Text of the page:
Kiosks Can Enhance the Customer Experience

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Retail e-commerce's reality is settling in: Multichannel e-tailers have distinct advantages over pure-play competitors.


Multichannel e-tailers are expertly accentuating the positives by marketing their dot-com sites through existing print, television and in-store advertising, while leveraging their existing merchandising skills and product assortment, and providing convenience by accepting online returns in the bricks-and-mortar store.


One unique opportunity more multichannel retailers are taking advantage of is linking the Internet and bricks-and-mortar stores via in-store kiosks.


In-store kiosks can serve multiple purposes, including giving consumers access to a variety of products and/or services in the store environment, enabling consumers to ship items directly to their home or work and providing interactive gift registries.


Retailers including Kmart, REI, Wal-Mart and Service Merchandise are testing or implementing kiosk programs to assess potential consumer and financial benefits. Success of a kiosk, however, is not proved. Challenges include keeping the machines operating, tailoring the Web site to a kiosk interface (and/or designing a new interface) and maintaining consumer interest and relevance.


Here are some important kiosk-related issues to consider:


Enhance the in-store experience.


A kiosk can enhance the in-store experience by expanding product selection (including making exclusively online products, such as Gap's maternity line, available in the store environment) and services (such as credit card applications, loyalty programs and wedding registries).


BlueLight.com is rolling out kiosks to its entire Kmart store base. It has multiple kiosks in the customer service and electronics area in each store. The company plans to have mobile kiosks in the future.


One of BlueLight's primary goals is to alleviate Kmart's incessant out-of-stock situation, as well as to broaden each store's existing product selection.


Adding another layer of convenience, items can be ordered at the kiosk and shipped directly to a consumer's home. This is especially attractive for bulky and heavy items.


A kiosk also provides information.


Information benefits both the sales staff, which can rely on the kiosk as a sales tool, as well as the consumer.


Technical products, such as computers, electronics and some outdoor/athletic products, clearly derive the greatest benefit from a kiosk. As a result, it is not surprising that retailers such as Best Buy, Staples and REI have been aggressive with testing and implementing kiosks.


The financial benefits can be bright.


Though the upfront kiosk investment can be substantial (price ranges vary depending on infrastructure needs such as whether chains need to "broadband enable" individual stores, revamp back-end systems and/or train personnel), the potential future financial benefits are attractive.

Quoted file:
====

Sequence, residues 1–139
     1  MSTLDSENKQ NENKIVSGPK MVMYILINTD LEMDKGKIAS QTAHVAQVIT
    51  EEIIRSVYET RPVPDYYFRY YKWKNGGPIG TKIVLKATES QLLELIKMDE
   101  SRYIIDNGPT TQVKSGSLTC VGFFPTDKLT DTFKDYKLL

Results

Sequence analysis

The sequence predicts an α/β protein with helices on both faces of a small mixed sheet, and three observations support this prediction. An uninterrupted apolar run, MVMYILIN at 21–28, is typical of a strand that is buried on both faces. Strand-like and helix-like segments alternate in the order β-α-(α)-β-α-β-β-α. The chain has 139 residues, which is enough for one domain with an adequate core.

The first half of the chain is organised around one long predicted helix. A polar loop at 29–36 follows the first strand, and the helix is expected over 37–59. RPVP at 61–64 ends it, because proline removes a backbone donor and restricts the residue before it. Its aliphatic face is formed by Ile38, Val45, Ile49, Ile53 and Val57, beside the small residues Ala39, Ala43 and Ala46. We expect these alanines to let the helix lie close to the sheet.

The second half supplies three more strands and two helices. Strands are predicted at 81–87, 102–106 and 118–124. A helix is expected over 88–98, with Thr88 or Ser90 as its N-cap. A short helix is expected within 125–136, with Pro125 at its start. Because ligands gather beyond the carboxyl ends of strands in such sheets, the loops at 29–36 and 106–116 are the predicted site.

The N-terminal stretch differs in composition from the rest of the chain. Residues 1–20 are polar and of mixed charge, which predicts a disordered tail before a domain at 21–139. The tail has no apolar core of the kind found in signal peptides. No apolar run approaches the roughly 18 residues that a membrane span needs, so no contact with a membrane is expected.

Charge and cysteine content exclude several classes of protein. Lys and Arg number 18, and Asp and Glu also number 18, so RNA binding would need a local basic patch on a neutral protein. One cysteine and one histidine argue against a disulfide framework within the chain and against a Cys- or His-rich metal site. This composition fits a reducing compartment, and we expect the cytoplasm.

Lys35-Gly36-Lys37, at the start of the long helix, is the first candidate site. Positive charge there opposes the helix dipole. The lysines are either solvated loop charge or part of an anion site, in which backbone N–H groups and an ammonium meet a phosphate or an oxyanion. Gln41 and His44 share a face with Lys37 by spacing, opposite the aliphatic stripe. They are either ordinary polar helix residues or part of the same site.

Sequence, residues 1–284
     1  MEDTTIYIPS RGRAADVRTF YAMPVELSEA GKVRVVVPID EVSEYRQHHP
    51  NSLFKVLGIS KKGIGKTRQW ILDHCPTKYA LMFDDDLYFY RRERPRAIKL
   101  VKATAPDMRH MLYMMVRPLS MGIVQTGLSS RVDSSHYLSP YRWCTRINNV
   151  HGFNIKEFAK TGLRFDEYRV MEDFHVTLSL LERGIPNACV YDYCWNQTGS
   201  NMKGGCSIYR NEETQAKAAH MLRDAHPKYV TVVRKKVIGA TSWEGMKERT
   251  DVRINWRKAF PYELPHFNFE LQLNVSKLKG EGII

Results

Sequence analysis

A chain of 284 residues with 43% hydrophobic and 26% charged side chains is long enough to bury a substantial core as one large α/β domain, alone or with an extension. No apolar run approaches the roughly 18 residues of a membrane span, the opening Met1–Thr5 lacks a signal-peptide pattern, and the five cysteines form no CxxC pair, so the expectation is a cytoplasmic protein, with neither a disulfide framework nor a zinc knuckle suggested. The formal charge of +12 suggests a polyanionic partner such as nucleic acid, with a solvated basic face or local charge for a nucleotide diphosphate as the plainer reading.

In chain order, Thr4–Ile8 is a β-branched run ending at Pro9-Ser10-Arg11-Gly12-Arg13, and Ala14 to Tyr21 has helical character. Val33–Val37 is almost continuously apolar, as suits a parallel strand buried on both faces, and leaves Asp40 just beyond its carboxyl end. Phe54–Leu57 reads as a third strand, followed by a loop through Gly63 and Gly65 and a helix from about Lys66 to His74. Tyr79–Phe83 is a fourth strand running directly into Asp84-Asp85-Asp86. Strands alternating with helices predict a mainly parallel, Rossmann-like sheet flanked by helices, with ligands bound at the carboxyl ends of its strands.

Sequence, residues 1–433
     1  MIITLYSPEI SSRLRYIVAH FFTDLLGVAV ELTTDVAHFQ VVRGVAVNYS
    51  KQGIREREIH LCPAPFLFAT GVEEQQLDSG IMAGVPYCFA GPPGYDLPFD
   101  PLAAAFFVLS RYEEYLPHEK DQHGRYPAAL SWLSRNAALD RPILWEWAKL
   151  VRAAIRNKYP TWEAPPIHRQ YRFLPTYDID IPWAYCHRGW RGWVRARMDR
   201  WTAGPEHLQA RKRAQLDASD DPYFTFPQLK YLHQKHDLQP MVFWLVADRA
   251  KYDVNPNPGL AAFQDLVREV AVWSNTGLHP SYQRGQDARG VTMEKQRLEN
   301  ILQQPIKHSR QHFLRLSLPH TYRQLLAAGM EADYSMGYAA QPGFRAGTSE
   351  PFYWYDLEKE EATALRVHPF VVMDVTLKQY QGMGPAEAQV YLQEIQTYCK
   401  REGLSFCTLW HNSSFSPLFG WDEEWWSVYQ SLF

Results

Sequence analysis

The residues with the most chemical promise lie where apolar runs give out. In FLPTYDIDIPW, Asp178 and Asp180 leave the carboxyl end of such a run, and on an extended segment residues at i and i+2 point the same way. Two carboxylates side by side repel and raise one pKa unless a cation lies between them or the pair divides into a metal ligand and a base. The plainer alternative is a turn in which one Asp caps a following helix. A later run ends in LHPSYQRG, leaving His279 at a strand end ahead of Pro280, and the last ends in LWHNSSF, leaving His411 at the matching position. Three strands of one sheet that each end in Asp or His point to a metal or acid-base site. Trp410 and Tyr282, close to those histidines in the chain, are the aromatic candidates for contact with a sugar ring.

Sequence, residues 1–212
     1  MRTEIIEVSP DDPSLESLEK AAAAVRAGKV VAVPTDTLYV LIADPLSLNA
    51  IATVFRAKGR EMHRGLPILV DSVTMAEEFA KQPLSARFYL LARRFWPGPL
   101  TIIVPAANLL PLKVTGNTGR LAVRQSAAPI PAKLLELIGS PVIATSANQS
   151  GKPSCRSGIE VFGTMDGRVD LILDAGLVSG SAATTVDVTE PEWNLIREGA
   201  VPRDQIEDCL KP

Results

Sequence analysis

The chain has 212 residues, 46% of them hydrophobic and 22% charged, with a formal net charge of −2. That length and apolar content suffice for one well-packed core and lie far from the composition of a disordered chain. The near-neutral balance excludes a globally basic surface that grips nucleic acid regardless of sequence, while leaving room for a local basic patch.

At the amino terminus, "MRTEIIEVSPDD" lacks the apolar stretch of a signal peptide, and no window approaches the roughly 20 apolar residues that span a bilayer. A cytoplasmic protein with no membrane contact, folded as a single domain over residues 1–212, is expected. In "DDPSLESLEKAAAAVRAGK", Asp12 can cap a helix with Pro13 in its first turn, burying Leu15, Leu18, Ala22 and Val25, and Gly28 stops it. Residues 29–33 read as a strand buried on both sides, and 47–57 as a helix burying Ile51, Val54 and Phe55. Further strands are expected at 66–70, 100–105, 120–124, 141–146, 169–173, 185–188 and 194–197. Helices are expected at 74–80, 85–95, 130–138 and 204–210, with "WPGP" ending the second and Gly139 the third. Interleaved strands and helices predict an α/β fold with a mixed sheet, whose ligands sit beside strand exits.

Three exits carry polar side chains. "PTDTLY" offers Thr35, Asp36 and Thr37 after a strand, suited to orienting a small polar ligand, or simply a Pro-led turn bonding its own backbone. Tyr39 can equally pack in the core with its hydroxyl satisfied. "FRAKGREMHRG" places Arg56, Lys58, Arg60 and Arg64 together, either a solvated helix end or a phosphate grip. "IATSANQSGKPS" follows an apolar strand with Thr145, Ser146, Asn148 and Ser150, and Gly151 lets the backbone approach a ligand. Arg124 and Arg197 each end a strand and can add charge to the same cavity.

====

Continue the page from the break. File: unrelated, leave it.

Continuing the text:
Not only does a kiosk boost sales by widening product selection and providing a solution to out-of-stock issues, but it also provides balance sheet benefits. For example, the store can maximize valuable shelf space by merchandising the bulky, slow-turning items on the kiosk and not in the store, effectively reducing inventory-carrying costs.


Lastly, the kiosk saves people expense, as sales clerks use it as a training tool and/or consumers can look up product information without assistance. Lids.com has found that its kiosks help retain employees; store clerks feel empowered as they learn and operate in-store technology.


But it does not always work.


A kiosk does not work for every retailer. Here are some basic checklist questions:


Does a kiosk mesh with store decor? Unless appropriately designed, kiosks do not complement a high-end luxury store such as Saks Fifth Avenue or Neiman Marcus.


Do consumers shop online? If not, consumers might be uncomfortable with the interface and not stop to use a kiosk. Ames had a disastrous kiosk test. Few customers used the now-defunct kiosk, primarily because they did not have or typically use computers.


Can it be integrated into existing infrastructure and systems? Clearly, the kiosk should be integrated to enhance personalization so that a retailer knows when a consumer shops in the store, online, from a catalog or at a kiosk.


And as mentioned, does a kiosk really benefit the store's existing product selection? For example, a grocery store, where consumers typically look for immediate gratification, does not need a kiosk as much as an electronics retailer.


A kiosk's interface typically needs to be designed differently than a Web site. Content needs to be streamlined so customers do not have extended sessions. The interface needs to be expressed in a large font, one that is extremely clear and basic, so that even the clumsiest customers can quickly and efficiently navigate on their own.


In the future, successful multichannel retailers will seamlessly blend the consumer experience across every point of contact. The Internet will clearly be an essential piece of this, both in-store, on the phone and at home.


For select clicks-and-mortar retailers, a kiosk will complement this multichannel offering and will evolve to provide an even more personalized, relevant and interactive consumer experience.


• Barrett LaMothe Ladd is a senior retail analyst at Gomez Inc., Waltham, MA. Reach her at bladd@gomez.com.
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